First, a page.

Words: Sue Bryant
The chic younger sister of a cruising superstar is gorgeous in any language.
Hapag-Lloyd’s sumptuous new MS Europa 2 has a lot to live up to. How do you follow what the Berlitz Guide to Cruising & Cruise Ships consistently rates as the world’s finest ship, with a score of “five star plus”? This is the accolade given year after year to older sister Europa, of which Europa 2 is a more youthful, casual interpretation.
What’s kept these ships off the radar of most international cruisers to date is the fact that Hapag-Lloyd’s passengers are mainly German-speaking. Yes, some cruises on the original Europa are designated “international”, which means that excursions will be available for English-speaking guests, but the clientele is almost all German, Austrian or Swiss. The difference with Europa 2 is that it’s supposed to have a broader appeal and is being promoted in Australasia, North America and Britain.
On my Mediterranean cruise, my friend and I were the only English speakers, although some Belgians helped boost the international contingent. I speak German, so I didn’t really mind, and the crew were absolutely flawless in their ability to switch from English to German and back again. Many Germans speak excellent English, so you’re not exactly cut off from the world as a non-German speaker, but it is a consideration, particularly if you’re the kind of traveller who likes to strike up a conversation at the bar or over dinner.
For many, the sheer beauty of the ship will eclipse any worries about language. Europa 2 really is gorgeous, with chic, minimalist décor and bright, sunlit spaces. There’s more space per passenger than on any other ship and it shows, from the wide, airy corridors to the abundant supply of cushioned rattan loungers by the pool and on the sun deck. The lounges and bars are full of elegant touches: big bunches of fresh flowers everywhere, beautiful finishes and elegant glassware, even around the pool.
The cabins are all designated “suites” and are spectacularly spacious. My spa suite, with lots of pale wood and a tasteful beige, plum and stone colour scheme, had a huge living area with squashy sofas and armchairs looking out through a wall of glass onto a deep, 10-square-metre balcony. There were air jets in the bath and a shower that doubled as a steam room (although I never figured out how to work this).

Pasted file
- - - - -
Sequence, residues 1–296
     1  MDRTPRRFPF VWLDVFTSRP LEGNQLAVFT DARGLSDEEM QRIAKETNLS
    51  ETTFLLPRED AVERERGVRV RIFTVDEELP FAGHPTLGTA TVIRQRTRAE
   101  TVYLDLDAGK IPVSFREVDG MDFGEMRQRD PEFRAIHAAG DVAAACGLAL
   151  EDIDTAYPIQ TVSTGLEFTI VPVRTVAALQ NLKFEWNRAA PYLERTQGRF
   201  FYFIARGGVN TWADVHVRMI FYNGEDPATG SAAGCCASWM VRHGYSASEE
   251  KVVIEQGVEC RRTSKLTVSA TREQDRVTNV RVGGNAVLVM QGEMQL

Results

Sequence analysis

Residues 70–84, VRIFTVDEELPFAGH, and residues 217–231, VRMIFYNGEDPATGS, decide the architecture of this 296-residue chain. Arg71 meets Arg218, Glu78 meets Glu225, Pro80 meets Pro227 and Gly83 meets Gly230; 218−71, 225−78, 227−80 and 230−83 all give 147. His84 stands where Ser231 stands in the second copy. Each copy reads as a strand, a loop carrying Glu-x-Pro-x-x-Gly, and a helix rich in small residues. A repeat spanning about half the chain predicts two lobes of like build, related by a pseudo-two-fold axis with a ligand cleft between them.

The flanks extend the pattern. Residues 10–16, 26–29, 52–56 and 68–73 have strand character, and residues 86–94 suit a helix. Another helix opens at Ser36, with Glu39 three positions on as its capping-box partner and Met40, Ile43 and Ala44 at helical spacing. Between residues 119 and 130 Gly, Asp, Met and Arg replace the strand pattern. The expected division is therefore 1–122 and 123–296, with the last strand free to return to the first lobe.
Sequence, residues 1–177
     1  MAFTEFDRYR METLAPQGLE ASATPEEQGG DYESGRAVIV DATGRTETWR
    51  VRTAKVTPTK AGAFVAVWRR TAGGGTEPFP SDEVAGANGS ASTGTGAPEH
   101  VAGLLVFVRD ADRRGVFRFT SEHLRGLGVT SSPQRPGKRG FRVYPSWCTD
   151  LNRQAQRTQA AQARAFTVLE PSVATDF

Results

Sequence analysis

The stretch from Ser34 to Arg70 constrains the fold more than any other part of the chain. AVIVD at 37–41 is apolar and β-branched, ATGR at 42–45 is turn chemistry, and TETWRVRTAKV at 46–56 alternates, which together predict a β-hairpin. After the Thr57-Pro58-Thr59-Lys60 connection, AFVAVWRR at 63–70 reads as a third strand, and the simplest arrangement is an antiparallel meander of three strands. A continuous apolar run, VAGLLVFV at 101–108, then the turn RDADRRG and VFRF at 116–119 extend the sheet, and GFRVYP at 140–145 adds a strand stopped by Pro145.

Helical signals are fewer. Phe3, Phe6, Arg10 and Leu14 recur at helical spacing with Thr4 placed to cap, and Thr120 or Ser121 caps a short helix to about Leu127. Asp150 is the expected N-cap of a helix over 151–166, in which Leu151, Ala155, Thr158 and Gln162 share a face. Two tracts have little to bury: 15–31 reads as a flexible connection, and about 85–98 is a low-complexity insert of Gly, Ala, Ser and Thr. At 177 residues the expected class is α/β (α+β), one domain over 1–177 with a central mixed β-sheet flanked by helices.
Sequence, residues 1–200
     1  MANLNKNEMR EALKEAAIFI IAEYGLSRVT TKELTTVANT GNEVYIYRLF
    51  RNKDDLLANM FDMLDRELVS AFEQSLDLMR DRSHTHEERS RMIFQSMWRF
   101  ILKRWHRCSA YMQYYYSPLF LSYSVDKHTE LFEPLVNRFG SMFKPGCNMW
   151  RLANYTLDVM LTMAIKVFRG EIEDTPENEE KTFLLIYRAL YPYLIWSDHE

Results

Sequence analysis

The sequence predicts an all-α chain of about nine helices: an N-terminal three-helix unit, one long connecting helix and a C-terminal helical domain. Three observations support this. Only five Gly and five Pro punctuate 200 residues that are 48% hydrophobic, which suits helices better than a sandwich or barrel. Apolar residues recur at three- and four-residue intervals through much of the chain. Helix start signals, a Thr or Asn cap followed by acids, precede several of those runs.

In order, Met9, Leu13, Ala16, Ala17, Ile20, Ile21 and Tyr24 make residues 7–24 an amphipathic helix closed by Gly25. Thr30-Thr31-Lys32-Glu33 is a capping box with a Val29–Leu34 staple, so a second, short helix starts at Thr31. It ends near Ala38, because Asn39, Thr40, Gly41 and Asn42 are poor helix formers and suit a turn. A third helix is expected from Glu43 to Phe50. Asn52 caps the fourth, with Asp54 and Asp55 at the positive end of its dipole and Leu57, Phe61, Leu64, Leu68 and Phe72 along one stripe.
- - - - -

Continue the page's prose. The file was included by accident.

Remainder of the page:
I’d worried that food on board would be heavy and Germanic but it isn’t; there’s an impressive variety. Some of the dishes in the four speciality restaurants are pretty adventurous (calf’s head, for example) and there’s a huge “always available” menu in Weltmeere, the main dining room, including comfort foods like steak or Wiener schnitzel, but I ate well and healthily during my cruise. Dinner in Elements, the Asian speciality restaurant, was especially good, with beautifully presented, delicately spiced dishes. The other speciality dining includes sushi, Italian and French, while the casual Yacht Club is perfect for al fresco breakfast and lunch.
At night, everybody gravitates to Sansibar, regardless of what’s happening in the elegant theatre, the Jazzclub and piano bar. The original Sansibar is a German icon – the country’s most famous beach shack, located on the hip North Sea island of Sylt, and replicated on both Europa ships. On board, it’s the place for decadently late breakfast, early evening drinks, after-dinner dancing, smoking, cocktails, views over the wake and general late-night revelry.
Europa 2 is aimed partly at families and includes several interconnecting family suites. There’s a small kids’ club and, on excursions, children are taken off for ice-cream while parents tour museums. But the children on my cruise were generally “seen and not heard”, apart from a few in the swimming pool. When they dive-bombed me, their parents made them apologise. In English. This ship will never be crawling with packs of restless teens but it might suit well-travelled families with younger, well-behaved children.
Europa 2 will sail in the Mediterranean in summer and Asia and the Arabian peninsula in winter. Some wonderful smaller ports are included; my cruise stopped at Formentera and Ibiza, for example, while Asian ports include Boracay in the Philippines and Thailand’s Phi Phi islands. But luxury comes at a price, with most voyages starting at about $700 per person per night.
So can Europa 2 expect the coveted five-star-plus score from Berlitz? Five star, yes, but I’d say there’s still a way to go for the extra “plus”. The crew, while charming and efficient, didn’t quite have the psychic qualities I’ve encountered on Seabourn and SeaDream Yacht Club; that elusive ability to anticipate your every need and make you feel like a millionaire on a private yacht. But it’s early days yet.
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